I am personally quite agnostic as to the value of the current interest in direct replication. My worry is that it distracts (as is often the case in psychology) from questions of external validity. My goal is to provide a richer context for contemporary controversies animating psychology.
I welcome corrections, updates, and suggestions of relevant topics. Please contact me at mpettit at yorku.ca
The timeline can be explored in full here.
FYI, the American Historical Association’s website includes a handy dandy calendar tool that provides a chronology of wide-ranging relevant content for those interested in the happenings of the historical discipline more broadly. Included are meetings and seminars, exhibitions and interpretive resources, as well as awards and fellowships.
Follow this link to check it out!
Professors Hans Strasburger and Gerd Jüttemann are spearheading an effort to save Wilhelm Wundt’s house near Leipzig. You can contribute funds to the crowdfunding effort, or simply offer your support, here. Full details follow below.
Wilhelm Wundt (1832–1920), as is well known, pursued his historically outstanding work at the University of Leipzig and it could be said that he counts as the most distinguished founder of Psychology. He not only built the world’s first laboratory of experimental psychology in Leipzig but also developed a theory of conscious experience that was underpinned by the method of introspection. Wundt wrote influential books on many aspects of psychology and he was a champion of investigating psychological processes by means of experiment. He further initiated a culture-historically oriented developmental psychology, for which he coined the – now obsolete – term “folk psychology”.
The houses in Leipzig where Wundt lived were destroyed in the Second World War. His last residence, in Großbothen near Leipzig, has been preserved, however. Wilhelm Ostwald (1853–1932), the Nobel Prize winner for chemistry with whom Wundt was close friends, lived across the street; there is a well-kept memorial site there for Ostwald that is quite popular. Wundt’s building was constructed in the style of its time (see photo). It is no longer in the possession of Wundt’s descendants and was uninhabited for quite some time. Though it is heritage-protected, its current owner has no interest in its preservation and would be willing to sell it at a reasonable price. High renovation costs would arise in case of its acquisition but at the same time the German Foundation for the Maintenance of Historical Monuments (Deutsche Stiftung für Denkmalschutz) has signaled that it would generously support such a project. There already exists the “Wilhelm Wundt Room” at Leipzig’s Department of Psychology and the Adolf-Würth Center for the History of Psychology in Würzburg. Yet it would be desirable if there were a place where we could commemorate the person behind all these achievements, to inspire future generations, and Wundt’s house in Großbothen could be a possible location for it.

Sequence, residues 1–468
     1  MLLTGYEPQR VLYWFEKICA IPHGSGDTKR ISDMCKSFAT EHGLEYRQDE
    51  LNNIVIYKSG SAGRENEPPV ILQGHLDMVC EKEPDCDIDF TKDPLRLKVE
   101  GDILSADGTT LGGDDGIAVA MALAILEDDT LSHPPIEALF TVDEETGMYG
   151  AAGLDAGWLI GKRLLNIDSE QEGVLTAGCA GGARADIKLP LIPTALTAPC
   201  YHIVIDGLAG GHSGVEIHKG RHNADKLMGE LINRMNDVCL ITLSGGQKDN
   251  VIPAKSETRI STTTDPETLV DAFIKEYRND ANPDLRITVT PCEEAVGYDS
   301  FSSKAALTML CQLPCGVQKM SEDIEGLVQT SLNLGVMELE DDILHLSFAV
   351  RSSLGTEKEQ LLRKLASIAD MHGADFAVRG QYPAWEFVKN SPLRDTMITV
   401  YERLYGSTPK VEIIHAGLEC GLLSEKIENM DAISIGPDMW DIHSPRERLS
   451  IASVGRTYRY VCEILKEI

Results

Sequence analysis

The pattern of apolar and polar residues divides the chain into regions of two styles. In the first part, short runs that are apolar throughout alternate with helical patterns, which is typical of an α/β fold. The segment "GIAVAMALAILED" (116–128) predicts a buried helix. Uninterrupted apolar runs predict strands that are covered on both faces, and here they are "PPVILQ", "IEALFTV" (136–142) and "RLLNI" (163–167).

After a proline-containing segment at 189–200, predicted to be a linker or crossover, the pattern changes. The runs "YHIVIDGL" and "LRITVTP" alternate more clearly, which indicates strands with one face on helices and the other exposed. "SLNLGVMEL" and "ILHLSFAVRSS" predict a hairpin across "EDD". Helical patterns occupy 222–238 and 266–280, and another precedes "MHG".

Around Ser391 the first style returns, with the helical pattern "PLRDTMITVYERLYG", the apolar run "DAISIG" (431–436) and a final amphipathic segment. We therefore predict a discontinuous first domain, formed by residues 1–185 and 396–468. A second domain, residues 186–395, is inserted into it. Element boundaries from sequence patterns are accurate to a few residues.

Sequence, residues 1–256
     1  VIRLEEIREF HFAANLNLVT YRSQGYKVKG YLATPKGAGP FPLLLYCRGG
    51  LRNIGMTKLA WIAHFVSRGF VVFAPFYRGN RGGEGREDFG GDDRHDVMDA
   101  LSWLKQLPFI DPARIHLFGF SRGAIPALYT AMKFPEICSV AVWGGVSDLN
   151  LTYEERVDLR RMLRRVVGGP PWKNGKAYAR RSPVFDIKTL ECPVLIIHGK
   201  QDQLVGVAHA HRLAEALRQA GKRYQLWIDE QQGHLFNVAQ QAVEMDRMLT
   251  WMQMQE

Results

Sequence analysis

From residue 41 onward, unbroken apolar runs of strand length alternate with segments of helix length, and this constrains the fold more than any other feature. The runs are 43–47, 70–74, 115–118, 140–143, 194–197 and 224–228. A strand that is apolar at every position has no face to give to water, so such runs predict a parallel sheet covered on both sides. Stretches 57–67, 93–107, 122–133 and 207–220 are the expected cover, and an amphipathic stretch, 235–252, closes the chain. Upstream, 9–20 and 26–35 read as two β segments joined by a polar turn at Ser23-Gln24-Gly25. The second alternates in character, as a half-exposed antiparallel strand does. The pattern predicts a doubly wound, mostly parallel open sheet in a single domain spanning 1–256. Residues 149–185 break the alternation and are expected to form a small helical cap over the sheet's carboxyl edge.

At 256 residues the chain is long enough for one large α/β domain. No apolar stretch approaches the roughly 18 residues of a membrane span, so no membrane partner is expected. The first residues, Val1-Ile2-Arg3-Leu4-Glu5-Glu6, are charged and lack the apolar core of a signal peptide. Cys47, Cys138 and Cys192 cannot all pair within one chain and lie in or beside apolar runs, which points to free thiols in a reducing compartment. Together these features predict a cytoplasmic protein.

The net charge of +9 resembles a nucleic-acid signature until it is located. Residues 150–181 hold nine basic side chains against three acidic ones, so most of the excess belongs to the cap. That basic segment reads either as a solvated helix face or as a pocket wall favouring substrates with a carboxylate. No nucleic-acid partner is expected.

So to save the Wundt house we are considering initiating crowd funding. As you are probably aware, donations by that method are initially virtual. Only if the number of backers and prospective sums appear sufficient for realizing the project would those who have participated be asked whether, indeed, they would be willing to donate the prospective amount.
Please use the following link: